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Film

It's Deja Vu: 'Network' Still Has a Finger on the Pulse of Culture, 36 Years Later

If you were to tell women in 1976 that, 36 years later, women who work exclusively in the home and those who also work outside the home would be pitted against each other, they wouldn’t have believed it.

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Chinatown (Centennial Collection)

Despite bringing film noir into the daylight and into color, this is among the darkest of Southern California tales.

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The Handmaid's Tale: Not So Sci-fi

The terrifying, 'it could happen today' message of this story is best told in the Atwood's book, rather than the film version.

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Voyage of the Dammed

An affecting, if flawed, middlebrow drama about a seldom-discussed Depression-era tragedy.

Film

Cinema Qua Non - Indispensable DVDs: Part 1

Day One - A trip back to the classic days of studio system Hollywood, complete with great musicals, amazing adventure yarns, and a couple of post-modern freak outs, just to keep things controversial and lively.

Reviews

Bonnie and Clyde

This film carries a bedrock rebelliousness and shocking ugliness that firmly resonates today.

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Let Sleeping Dogs Lie, Jake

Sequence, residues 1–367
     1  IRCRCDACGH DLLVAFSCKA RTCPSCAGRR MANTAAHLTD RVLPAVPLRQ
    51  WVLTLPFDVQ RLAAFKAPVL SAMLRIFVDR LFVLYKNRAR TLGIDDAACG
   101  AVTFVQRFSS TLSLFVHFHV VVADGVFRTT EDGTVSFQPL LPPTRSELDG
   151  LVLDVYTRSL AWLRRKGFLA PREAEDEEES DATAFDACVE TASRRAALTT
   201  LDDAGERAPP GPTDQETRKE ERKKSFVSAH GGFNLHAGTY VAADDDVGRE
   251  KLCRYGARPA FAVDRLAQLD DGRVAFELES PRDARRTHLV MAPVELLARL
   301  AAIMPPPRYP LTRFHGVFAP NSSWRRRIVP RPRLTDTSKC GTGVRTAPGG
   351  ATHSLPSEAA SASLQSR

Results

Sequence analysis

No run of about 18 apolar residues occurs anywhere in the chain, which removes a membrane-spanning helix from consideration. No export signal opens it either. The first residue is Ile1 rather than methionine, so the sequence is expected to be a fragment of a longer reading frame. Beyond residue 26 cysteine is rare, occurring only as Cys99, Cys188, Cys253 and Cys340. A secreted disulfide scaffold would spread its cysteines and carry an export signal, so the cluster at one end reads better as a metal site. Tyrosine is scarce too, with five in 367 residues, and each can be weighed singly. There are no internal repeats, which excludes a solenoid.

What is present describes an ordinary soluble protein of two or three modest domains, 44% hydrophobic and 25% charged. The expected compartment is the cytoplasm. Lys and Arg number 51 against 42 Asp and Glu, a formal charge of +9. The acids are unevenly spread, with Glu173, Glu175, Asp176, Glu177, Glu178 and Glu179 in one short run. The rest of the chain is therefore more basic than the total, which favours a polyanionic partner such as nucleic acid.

Chinatown remains a stalwart of '70s cinema. The uninspired follow-up 16 years later reminds one that, sometimes, a masterpiece needs to simply be left alone.

Film

Part 3: The Stellar '70s

When it comes to post-modern moviemaking, everyone stereotypes the Me Decade as the genre's defining moment. In this case -- as illustrated by the 10 films that represent it -- the categorization is more than accurate.

Reviews

Mommie Dearest: Hollywood Royalty Edition (1981)

Watching Mommie Dearest: Hollywood Royalty Edition with John Waters' commentary track is like seeing it with your sharpest, funniest friend, who just happens to have inside dish on Melanie Griffith.

Marisa Carroll
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The Starlet

Faye Dunaway established herself as a great muse of cinema, not in the sense that she inspired great movies, but that her inspired performances buoyed her films.

Dan Zak
Reviews

Little Big Man (1970)

It didn't just dispel the cloudless America of Westerns past -- it dismembered the genre, threw the parts in a trench, and spit on the tombstone.

Elbert Ventura
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